women toasting christmas meal

Here’s to Female Empowerment

Above: The Three Graces, American Christmas scene, c.1962

When I first posted this image at the Art Field store, I gave it the rushed title ‘The Three Graces’. I liked the sound of it and I knew it came from mythology. And I hoped it didn’t mean anything bad.

sculpture of the 3 graces
A sculptural representation of the Three Graces

Recently, I gave a framed print of the picture to Stephanie Su, the founder of The Persu Collection, at the end of an event we worked on together. I didn’t foresee when I left my house that morning, gift bag in hand, how well the photograph of my mother, grandmother, and aunt would mirror our feelings at the end of the day. A workday gone well legitimizes us. A workday gone well working with other women elates and empowers us together.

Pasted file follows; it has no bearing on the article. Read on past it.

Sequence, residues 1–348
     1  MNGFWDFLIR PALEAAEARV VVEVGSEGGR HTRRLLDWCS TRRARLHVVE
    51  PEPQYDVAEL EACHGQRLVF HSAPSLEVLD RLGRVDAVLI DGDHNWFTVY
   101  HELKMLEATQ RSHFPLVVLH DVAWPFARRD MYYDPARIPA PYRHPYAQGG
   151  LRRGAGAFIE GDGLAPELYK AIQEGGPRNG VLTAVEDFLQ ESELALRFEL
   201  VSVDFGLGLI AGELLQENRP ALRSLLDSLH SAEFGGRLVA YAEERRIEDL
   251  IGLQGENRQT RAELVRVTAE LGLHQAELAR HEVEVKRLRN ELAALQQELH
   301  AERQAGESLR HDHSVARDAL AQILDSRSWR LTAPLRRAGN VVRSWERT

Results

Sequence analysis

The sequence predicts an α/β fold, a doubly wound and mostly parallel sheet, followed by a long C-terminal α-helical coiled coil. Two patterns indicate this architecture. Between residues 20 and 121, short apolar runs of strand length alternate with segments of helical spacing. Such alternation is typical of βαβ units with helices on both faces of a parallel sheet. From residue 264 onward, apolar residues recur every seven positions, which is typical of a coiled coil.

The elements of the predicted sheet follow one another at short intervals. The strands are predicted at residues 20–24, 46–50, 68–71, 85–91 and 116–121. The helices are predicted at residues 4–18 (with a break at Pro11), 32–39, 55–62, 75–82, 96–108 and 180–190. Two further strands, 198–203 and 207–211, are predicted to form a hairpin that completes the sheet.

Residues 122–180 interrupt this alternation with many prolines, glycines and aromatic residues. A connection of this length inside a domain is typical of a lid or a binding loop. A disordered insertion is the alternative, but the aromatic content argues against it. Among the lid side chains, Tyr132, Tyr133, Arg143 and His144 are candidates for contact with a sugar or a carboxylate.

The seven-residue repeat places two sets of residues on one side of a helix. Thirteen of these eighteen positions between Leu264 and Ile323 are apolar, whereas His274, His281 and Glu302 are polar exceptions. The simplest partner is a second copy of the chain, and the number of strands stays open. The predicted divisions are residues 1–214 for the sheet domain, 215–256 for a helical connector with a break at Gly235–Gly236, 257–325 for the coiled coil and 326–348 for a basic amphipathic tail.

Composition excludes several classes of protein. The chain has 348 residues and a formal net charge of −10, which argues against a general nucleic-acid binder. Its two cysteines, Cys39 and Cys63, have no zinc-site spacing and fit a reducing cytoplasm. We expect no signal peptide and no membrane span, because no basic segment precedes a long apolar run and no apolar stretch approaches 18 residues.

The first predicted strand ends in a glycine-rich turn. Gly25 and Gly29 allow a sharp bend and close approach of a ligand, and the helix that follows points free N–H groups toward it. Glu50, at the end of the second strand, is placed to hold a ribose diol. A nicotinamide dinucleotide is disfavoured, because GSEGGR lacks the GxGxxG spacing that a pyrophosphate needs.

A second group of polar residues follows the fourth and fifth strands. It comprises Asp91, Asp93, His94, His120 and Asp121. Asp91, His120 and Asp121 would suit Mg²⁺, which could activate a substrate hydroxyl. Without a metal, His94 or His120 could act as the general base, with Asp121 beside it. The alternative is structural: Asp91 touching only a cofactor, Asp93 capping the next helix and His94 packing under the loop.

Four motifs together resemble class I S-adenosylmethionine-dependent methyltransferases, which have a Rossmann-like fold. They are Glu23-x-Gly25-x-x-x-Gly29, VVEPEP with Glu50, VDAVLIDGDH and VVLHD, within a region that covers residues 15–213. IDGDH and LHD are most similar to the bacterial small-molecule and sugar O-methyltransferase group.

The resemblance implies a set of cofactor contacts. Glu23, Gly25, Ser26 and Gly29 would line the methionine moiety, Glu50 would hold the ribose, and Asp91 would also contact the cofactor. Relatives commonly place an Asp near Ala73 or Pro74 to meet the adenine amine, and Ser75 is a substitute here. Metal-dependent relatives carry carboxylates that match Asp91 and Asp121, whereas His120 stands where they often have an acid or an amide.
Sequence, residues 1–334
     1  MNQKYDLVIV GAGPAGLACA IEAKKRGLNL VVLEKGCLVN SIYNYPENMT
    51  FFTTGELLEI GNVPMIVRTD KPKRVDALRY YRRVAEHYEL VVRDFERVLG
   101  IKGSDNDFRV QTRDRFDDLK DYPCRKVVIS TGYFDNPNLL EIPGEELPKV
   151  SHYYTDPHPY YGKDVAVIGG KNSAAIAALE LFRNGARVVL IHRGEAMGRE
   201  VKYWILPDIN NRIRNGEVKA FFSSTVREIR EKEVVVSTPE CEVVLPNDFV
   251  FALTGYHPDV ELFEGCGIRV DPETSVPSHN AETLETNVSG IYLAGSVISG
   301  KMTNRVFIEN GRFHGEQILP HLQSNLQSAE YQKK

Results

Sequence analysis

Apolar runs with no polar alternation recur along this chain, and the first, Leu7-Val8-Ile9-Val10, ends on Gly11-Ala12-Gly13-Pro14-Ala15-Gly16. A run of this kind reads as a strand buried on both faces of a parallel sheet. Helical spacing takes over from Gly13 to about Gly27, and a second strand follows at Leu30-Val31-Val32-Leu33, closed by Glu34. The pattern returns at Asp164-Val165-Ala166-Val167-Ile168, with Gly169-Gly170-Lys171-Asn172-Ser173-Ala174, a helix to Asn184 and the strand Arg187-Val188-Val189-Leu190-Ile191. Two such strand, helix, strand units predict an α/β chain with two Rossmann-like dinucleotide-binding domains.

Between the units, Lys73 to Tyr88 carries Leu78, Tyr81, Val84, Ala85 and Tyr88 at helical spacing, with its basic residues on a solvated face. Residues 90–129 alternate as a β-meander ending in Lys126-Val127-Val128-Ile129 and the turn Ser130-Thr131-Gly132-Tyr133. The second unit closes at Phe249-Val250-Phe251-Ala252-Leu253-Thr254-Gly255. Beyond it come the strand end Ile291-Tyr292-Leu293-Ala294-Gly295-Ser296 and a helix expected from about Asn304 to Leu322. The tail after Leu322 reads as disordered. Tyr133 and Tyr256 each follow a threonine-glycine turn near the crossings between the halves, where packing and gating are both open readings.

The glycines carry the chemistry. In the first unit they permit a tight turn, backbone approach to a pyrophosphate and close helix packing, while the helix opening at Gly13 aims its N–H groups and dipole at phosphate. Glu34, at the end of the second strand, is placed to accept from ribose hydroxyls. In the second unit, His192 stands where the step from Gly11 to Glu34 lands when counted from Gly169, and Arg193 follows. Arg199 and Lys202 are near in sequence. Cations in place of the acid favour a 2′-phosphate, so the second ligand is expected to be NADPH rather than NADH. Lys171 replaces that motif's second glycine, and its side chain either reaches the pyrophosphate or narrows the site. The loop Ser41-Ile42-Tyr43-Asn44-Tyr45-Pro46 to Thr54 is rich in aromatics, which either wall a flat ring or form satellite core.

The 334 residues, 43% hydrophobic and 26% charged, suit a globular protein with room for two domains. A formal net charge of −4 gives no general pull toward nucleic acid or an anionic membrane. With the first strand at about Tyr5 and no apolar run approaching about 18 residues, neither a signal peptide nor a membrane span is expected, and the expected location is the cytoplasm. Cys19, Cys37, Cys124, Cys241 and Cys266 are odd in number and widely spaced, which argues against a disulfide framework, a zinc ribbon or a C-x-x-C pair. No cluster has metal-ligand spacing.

A vase featuring the Three Graces

So that day, I looked up the meaning of ‘The Three Graces’. In a description of Antonio Canova’s statue The Three Graces, I read that they were “the mythological three charites, daughters of Zeus…who were said to represent youth/beauty (Thalia), mirth (Euphrosyne), and elegance (Aglaea).”

They were daughters of Zeus and Eurynome, though they were also said to be daughters of Dionysus and Aphrodite.

The description continued, “The Graces presided over banquets and gatherings, to delight the guests of the gods.”

Daughters of gods, appearing at family gatherings to the delight of their loved ones and guests. Luckily, in naming the picture, I think I got it right.

women toasting christmas meal
Ruby, Blanche, and Margie toasting their accomplishments in the kitchen.

Christmas in the Archive

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